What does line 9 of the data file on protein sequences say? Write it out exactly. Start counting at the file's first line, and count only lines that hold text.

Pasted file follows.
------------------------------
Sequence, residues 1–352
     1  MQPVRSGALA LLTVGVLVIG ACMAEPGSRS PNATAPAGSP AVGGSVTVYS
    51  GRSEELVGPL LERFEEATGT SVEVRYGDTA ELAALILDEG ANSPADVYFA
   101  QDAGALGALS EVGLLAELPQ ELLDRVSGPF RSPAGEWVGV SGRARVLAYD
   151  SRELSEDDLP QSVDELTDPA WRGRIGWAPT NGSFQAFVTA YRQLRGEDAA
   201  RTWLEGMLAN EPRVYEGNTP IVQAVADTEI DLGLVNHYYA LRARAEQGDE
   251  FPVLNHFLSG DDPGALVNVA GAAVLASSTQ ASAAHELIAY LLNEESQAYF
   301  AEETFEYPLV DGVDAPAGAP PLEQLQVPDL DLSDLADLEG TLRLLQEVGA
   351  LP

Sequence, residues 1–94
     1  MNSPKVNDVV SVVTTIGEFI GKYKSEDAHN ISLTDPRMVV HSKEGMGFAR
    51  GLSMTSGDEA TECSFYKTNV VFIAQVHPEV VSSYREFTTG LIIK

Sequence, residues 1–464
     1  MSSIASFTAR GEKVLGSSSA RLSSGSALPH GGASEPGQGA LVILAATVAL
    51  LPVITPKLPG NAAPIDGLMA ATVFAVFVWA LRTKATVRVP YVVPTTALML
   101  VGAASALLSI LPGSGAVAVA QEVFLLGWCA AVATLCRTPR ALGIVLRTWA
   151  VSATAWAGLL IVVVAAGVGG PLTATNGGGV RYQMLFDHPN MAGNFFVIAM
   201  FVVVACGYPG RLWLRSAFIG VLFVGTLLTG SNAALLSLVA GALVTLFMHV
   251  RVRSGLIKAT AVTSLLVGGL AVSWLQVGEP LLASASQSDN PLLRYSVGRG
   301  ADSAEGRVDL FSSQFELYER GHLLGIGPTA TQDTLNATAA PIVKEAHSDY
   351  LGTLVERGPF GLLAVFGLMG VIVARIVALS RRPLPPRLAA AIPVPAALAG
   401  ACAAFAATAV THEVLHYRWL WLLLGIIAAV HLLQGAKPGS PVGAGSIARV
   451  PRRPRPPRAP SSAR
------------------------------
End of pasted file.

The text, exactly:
   351  LP